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Friday, July 29, 2016

How to spot an authentic Bertoia wire chair

The Bertoia wire chair is a mid-century icon. As such, it has been widely imitated. If having an authentic Bertoia chair is important to you...for its quality, its comfort, its retention of value, or simply for bragging rights...the Harry Bertoia Foundation has offered a guide for recognizing the real thing.

Details like wire diameter, the angle the wire is cut, the bend radius of the top corners and the base, and double wire rims on new chairs (although a few double rims were produced in 1953) are ways to spot a knock-off.

The tips in the article are quite specific, also providing information about glides, upholstery, line additions, and the Knoll stamp.

If you love the work of this mid-century designer, you'll want to check out the entire site for more information about the man himself, as well as his oeuvre. His daughter Celia Bertoia is director of the foundation, the mission of which is to spread the legacy of Harry Bertoia. On the website, you can become a volunteer, donate, or simply sign up for the mailing list.

Bertoia chair lineup

Saturday, July 23, 2016

Former glory

We thought we had beige/brown terrazzo. Of course, we knew it needed to be cleaned, because it has obvious grimey build-up around the walls that mopping won't remove, but we were shocked when we found out that it was originally white...and could be again.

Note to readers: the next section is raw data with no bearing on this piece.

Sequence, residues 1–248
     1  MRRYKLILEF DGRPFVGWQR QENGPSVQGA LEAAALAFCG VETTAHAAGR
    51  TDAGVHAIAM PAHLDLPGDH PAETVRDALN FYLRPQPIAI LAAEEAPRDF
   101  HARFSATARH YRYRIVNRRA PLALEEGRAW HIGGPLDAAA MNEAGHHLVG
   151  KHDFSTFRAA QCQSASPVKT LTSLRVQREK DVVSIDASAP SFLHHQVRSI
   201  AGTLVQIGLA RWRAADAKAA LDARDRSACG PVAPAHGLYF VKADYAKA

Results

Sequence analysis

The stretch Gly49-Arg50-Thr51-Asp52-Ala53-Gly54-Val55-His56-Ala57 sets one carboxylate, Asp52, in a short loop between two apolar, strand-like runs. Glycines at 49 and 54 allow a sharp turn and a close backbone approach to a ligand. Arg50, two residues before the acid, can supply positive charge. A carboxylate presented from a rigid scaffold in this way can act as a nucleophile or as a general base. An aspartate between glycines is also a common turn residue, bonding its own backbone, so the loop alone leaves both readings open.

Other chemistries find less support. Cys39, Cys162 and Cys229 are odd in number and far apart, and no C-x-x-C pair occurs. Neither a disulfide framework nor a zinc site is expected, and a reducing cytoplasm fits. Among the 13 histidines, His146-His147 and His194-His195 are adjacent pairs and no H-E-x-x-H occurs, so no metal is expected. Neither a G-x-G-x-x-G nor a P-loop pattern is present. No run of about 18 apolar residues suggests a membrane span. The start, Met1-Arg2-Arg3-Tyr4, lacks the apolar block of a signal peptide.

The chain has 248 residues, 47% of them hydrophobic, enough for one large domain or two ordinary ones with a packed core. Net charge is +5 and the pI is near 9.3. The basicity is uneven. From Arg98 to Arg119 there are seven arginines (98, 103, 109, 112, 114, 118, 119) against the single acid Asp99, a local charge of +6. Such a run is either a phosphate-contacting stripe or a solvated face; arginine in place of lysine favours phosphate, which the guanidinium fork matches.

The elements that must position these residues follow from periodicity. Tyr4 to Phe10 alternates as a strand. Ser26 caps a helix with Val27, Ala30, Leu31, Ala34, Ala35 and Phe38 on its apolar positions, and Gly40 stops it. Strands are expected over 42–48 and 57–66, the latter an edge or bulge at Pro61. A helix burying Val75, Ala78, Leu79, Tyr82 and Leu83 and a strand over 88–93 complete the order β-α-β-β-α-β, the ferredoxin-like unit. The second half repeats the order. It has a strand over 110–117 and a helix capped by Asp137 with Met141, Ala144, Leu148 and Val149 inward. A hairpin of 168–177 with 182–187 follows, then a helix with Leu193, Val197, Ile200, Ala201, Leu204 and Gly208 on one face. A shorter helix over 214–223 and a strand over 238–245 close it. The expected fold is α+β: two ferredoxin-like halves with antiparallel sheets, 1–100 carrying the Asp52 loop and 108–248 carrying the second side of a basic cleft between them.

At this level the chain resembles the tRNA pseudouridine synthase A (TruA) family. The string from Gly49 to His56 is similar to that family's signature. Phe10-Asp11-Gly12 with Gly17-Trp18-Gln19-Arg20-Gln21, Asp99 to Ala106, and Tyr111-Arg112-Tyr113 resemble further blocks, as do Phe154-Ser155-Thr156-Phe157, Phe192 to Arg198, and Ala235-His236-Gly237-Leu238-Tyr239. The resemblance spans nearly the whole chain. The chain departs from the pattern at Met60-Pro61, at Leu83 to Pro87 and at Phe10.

The representative of a local stone restoration company came out to do an estimate, and he gave me a demonstration of what to expect from their services. He asked me to show him the spot in the house where the floor is in the worst condition, so I pointed him in the direction of a group of 9 tiles near the back door that I thought were damaged and covered with 66 years' worth of wax (and who knows what else). He sprayed some Mar-Tek Pro-Strip on one tile, scrubbed it with a brush, and toweled the area dry. Here's what resulted.

Stripped terrazzo tile

He was almost as surprised at the dramatic difference as I was. This tile was put down 66 years ago. Who knows how long it's been since this floor was stripped and honed? Maybe never.

His estimate: $2422. Naturally, we'll be getting other bids, but this is definitely on our Must Do list.

Tuesday, July 19, 2016


Charles Eames once said, "The details are not the details. They make the design." Accordingly, we have changed quite a few things about the front of our house.

First, a cage of burglar bars originally covered a large portion of the front porch. Not only was it unsightly, it screamed paranoia and had to go. In fact, the inspection report listed it as a hazard, so we stipulated that it be removed before we took possession of the house.

Burglar bars...gone before we got here

Also, our mailbox originally was positioned in the flowerbed beside the driveway and looked like this:

Old mailbox

Besides needing a paint job, it was inconveniently located, so we offered it free on Craigslist. Someone came out almost immediately and removed it, which involved a good bit of digging and ultimately pulling out of the ground with a large pickup truck. (Giving things away on Craigslist is the fastest, cheapest method of getting things cleaned out or torn down. People will take absolutely anything if it's free, no matter how much work they have to do to get it.)